Ban Microbeads to Reduce Plastic Pollution

washing hands personal care products microbeads

Target: New York State Senator Thomas O’Mara

Goal: Stop microbeads from polluting waterways and marine life.

Plastic pollution is a serious problem and microbeads are a part of that problem, particularly in our waters. New York was close to banning microbeads but has failed to do so, allowing plastic pollution in the Great Lakes and the Niagara River.

Microbeads are tiny particles of plastic that are added to facial scrubs, shampoos, and toothpaste as an abrasive. They are also added to products to be decorative, however their effects on state waterways and on marine life are far from attractive.

Thousands of products worldwide that contain microbeads. When you use them in your bathroom they go straight down the drain and into the sewer system. In many places they then go to wastewater management plants that were not designed to filter out tiny pieces of plastic. Some particles will eventually end up in the ocean. Others may remain in local lakes, streams and rivers across a region, absorbing chemicals already in the water. If ingested microbeads can rupture an animal’s organs.

From there it’s a short trip from the polluted sea onto your dinner plate where microbeads can harm you. If ingested by humans microbeads can leech chemicals like bisphenol A (BPA) that disrupts human hormones.

The New York senate failed to pass a bill banning the distribution and sale of personal cosmetic products with microbeads less than five millimeters in size, even though it recently passed in the State Assembly with little opposition. At the last minute, Senator Thomas O’Mara another introduced bill to the senate with wording that would effectively nullify the ban.

Demand that Senator O’Mara stop obstructing progress on this important issue, and that a strong ban on microbeads be passed that protects us all.


Dear Senator O’Mara,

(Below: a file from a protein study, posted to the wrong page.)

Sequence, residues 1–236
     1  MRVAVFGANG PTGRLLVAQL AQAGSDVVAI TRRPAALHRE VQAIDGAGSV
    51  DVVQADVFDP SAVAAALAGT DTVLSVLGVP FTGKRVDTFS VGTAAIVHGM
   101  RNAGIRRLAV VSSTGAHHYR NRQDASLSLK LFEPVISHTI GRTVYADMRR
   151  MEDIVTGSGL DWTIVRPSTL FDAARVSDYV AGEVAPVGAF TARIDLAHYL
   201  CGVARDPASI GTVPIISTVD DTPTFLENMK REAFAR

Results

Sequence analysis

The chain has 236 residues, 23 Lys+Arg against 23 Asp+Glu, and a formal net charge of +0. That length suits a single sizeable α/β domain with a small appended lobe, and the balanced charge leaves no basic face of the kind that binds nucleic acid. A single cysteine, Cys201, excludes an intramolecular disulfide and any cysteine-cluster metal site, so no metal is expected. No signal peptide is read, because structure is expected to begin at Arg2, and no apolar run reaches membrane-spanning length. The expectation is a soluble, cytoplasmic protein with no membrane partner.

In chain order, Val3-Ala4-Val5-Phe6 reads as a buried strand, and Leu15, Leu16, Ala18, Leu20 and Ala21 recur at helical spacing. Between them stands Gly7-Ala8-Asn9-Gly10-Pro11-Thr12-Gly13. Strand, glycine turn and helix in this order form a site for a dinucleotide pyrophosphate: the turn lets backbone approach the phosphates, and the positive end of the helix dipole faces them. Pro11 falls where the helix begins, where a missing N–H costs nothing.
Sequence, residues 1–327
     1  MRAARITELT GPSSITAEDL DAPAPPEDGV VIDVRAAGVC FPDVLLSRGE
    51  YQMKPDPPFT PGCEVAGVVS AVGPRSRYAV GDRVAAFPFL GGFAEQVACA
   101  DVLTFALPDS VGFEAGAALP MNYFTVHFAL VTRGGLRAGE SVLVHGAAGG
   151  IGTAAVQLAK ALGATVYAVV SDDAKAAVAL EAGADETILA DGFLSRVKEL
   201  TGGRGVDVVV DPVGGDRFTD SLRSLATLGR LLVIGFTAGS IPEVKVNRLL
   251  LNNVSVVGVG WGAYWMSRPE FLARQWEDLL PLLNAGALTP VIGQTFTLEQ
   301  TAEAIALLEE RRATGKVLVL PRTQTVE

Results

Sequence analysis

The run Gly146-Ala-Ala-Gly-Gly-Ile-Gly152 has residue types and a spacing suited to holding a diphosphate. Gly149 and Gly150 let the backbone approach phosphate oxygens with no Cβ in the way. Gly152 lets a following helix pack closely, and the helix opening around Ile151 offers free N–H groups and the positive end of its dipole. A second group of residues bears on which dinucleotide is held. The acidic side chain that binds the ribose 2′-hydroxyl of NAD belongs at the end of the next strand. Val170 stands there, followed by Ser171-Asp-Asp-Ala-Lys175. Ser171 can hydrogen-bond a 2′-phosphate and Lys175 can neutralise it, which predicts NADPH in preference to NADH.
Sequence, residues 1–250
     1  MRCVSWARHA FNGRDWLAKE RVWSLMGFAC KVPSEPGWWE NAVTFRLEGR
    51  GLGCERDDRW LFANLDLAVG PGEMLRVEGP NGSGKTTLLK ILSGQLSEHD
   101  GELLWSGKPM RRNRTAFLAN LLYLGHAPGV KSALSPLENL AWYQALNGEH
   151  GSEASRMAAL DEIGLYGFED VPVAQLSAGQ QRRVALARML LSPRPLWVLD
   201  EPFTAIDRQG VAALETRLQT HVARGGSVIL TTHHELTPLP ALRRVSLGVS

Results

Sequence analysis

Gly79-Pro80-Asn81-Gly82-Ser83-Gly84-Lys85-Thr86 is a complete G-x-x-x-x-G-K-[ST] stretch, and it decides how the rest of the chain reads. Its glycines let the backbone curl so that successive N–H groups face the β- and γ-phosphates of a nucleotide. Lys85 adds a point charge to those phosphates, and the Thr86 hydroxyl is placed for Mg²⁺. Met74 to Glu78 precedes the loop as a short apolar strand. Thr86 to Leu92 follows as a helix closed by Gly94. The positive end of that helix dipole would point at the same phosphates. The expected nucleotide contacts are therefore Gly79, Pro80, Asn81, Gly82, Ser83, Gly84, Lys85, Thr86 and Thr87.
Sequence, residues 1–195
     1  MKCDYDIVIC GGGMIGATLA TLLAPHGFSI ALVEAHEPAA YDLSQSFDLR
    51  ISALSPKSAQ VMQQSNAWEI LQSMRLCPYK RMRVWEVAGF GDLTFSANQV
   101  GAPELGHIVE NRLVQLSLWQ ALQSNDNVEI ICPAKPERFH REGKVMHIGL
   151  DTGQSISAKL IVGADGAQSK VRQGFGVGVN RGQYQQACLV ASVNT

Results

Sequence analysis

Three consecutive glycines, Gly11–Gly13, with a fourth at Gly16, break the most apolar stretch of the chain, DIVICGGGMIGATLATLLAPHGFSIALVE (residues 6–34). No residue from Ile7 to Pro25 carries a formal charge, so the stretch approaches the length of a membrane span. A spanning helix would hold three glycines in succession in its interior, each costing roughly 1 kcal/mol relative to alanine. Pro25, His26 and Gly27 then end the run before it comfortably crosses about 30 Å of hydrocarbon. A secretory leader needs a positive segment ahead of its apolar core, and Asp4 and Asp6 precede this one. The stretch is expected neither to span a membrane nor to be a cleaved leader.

I have learned that although the New York State Assembly recently passed a bill with overwhelming support banning the distribution and sale of personal cosmetic products with microbeads less than 5 millimeters in size, the New York Senate has not.

You recently introduced a bill to the state senate that fell short of the ban the State Assembly passed. I believe the State Assembly’s bill was the kind of strong bill New York and the U.S. needs. Synthetic plastic microbeads do not need to be regulated. They need to be banned.

Plastic microbeads enter our rivers, streams, and lakes. They can be ingested by sea animals, causing organ failure and tainting our food supply. They can absorb pesticides and leech hormone disrupting chemicals causing serious health problems for humans.

All of this pollution takes place while fully biodegradable options are already on the market and have proven to be successful for personal care product manufacturers. Manufacturers can use sand, cocoa beans, salt, ground nut husks, and apricot husks instead of plastic.

I urge you to define environmentally biodegradable substances as substances that will break down before entering our waterways. I am calling on you to stipulate that only those substances be permitted our personal care products and to sponsor a strong ban on microbeads that protects us all, now.


[Your Name Here]

Photo Credit: Lars Klintwall Malmqvist

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One Comment

  1. Ruth Rogers Ruth Rogers says:

    Yes please, Signed!

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